Dawson is predicting a rough ride
Kieron Dawson's honesty off the pitch has always been a reflective of his work ethic on it.
It is not yet clear whether the former London Irish star, who is approaching the end of his current two-year deal, will have a part to play in the new coach's plans for next season.
But with miles still left on his clock, and the priceless mentoring role he is playing in the development of openside star-in-the-making David Pollock, he surely has more to offer his province.
Dawson's more immediate concern however is playing his part in stopping the Leinster machine exacting revenge for their humiliating defeat away to Edinburgh, which has left their Heineken Cup campaign still-born, when Ulster travel to the RDS for the Magners League clash on Boxing Day. The oldest fixture in the Irish provincial calendar has the added spice of being a top verses bottom clash with each side desperate for a result for very differing reasons.
Leinster are determined to bury their European disappointment by winning the Magners League while Ulster's goal is fired by a survival instinct - finish above Connacht to qualify for the Heineken Cup next season.
"It is a special game and there is a lot riding on it now as both of us are out of our respective Heineken Cup pools," said Dawson.
"It will be a ding-dong battle and a game we will both want to win although I think we are probably a bit more desperate than they are."
Seemingly ever the enigma, Leinster, having finally assembled a pack to cause serious damage, their star-studded backline failed to fire in the dismal surrender to Edinburgh.
Dawson is in no doubt that a major part of the problem is a hangover from Ireland's atrocious World Cup campaign.
In something of a dig at the Genesis Report, commissioned by the IRFU to get to the root of the problem, which has widely been dismissed as a white wash exercise, Dawson said: "Despite what people say... despite what was published last week, I think the World Cup has been damaging for Irish rugby.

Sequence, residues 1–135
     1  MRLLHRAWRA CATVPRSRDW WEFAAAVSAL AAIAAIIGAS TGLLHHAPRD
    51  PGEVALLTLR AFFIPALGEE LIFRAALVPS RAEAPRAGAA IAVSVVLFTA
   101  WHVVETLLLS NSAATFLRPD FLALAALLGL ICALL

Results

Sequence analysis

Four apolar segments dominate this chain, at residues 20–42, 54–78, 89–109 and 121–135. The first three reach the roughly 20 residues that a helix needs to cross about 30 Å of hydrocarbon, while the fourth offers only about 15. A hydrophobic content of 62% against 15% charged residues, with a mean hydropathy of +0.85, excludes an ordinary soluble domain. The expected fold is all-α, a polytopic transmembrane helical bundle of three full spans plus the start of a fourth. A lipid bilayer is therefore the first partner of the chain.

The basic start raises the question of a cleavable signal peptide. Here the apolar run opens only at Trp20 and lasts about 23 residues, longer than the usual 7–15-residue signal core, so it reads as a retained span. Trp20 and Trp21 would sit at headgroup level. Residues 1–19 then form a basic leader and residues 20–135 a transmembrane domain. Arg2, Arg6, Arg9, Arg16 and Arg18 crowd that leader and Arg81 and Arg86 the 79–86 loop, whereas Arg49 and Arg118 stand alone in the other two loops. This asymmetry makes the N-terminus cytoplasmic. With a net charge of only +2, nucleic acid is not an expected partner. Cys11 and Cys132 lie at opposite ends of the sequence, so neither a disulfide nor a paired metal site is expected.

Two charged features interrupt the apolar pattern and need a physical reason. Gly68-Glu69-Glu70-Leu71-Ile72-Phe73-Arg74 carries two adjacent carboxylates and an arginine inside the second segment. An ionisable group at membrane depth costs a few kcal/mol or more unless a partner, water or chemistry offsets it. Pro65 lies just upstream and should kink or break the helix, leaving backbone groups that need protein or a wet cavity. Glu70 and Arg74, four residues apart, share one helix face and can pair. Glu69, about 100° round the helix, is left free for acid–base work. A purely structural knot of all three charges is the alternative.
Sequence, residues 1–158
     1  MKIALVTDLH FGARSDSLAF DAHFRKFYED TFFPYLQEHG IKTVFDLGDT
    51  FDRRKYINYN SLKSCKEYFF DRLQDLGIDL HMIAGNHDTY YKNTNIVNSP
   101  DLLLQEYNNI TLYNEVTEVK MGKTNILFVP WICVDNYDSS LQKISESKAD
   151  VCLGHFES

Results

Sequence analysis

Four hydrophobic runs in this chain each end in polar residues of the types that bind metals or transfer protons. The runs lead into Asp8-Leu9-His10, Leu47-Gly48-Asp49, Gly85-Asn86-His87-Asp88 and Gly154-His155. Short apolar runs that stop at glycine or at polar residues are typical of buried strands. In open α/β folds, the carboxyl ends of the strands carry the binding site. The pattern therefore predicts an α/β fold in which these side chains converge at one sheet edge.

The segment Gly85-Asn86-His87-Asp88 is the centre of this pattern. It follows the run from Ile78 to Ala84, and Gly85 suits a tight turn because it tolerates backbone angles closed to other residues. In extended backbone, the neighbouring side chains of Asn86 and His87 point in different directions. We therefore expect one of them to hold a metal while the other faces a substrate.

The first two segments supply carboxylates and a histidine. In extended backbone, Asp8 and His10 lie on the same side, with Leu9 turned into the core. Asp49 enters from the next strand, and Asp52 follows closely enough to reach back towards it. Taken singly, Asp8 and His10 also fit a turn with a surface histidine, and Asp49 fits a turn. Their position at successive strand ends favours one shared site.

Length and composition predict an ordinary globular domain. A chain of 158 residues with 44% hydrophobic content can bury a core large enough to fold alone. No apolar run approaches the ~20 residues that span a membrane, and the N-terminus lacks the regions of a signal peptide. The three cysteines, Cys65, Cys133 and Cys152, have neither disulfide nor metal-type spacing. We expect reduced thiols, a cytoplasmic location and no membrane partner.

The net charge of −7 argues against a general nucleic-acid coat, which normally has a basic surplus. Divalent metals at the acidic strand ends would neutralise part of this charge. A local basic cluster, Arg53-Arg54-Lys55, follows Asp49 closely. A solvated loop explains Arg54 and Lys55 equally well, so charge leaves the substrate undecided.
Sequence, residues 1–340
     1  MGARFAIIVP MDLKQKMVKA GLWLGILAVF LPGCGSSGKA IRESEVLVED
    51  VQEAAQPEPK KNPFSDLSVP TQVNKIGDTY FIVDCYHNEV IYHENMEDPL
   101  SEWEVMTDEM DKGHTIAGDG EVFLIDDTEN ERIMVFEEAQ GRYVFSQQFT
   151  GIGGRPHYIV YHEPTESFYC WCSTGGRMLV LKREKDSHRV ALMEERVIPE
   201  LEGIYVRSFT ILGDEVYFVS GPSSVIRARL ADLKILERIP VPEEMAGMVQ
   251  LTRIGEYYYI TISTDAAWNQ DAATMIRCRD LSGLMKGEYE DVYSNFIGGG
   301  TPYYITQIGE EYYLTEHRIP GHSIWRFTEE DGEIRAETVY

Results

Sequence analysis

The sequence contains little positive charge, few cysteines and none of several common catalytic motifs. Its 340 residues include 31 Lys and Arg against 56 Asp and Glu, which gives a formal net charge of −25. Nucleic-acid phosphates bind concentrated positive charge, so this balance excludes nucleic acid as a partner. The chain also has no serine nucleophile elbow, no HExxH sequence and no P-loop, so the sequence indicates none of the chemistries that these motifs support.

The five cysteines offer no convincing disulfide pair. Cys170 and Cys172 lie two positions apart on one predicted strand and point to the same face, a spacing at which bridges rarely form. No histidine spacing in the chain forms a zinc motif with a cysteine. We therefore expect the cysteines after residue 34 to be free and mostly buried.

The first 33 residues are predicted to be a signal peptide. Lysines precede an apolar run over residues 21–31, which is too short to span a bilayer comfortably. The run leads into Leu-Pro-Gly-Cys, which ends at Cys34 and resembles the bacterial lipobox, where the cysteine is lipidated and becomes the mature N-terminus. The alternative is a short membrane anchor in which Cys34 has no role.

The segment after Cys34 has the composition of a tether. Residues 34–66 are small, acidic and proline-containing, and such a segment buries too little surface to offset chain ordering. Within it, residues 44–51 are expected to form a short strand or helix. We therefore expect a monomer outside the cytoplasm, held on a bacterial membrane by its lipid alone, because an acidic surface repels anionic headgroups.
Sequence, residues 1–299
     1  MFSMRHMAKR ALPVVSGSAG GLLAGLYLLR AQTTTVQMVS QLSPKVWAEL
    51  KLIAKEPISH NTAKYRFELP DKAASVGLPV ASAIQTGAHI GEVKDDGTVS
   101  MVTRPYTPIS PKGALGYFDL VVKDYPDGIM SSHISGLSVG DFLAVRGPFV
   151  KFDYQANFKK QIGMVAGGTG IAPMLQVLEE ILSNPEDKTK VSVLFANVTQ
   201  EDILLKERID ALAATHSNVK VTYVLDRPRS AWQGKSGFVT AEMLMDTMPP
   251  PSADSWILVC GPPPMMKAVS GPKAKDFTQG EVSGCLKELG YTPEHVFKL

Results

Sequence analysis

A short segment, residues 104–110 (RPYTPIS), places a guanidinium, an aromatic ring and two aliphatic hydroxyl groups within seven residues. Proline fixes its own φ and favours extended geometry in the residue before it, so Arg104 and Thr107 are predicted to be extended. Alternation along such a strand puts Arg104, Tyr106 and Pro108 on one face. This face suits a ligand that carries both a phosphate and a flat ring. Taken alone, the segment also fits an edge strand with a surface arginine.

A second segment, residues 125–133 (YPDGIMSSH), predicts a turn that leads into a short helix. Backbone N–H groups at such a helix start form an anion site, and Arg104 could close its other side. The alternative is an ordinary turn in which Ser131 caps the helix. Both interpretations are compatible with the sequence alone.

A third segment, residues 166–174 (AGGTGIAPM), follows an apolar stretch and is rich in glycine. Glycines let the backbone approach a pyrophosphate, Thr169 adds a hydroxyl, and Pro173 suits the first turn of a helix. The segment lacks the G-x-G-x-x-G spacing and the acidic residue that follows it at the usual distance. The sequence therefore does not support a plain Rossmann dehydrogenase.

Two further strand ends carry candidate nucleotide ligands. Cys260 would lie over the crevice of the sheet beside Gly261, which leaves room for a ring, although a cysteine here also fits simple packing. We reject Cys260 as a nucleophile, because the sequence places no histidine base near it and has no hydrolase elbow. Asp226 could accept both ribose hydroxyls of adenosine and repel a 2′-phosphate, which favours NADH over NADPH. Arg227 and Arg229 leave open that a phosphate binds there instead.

"Leinster and Ulster have gone out of the European Cup early and without even much of a contest. It has been as difficult for them as.
" I don't know if it is a confidence issue or if guys are sick of rugby but it hasn't gone well for the two provinces and Munster are by no means guaranteed to go through either.
"If they don't, it will be the first time in a long time that Ireland haven't had a side in the quarter-finals of the European Cup."
The 16-16 draw against Michael Cheika's side at Ravenhill has given Ulster hope of creating an upset at the RDS on Boxing Day. "We let them get off to a good start but it is well-documented about the come-back that we had," added Dawson.
"The pack is confident that we can take them on up front and if we can stop their much-vaunted pretty boys in the backline - cut off their water and lights - then we have got a good chance.
" What we have learned from the Ravenhill game is that we played far too much rugby in the wrong areas of the pitch. And the way Steve Williams has got the team playing now we are trying to play a fast, high-tempo game which will suit us and make it difficult for their drift defence."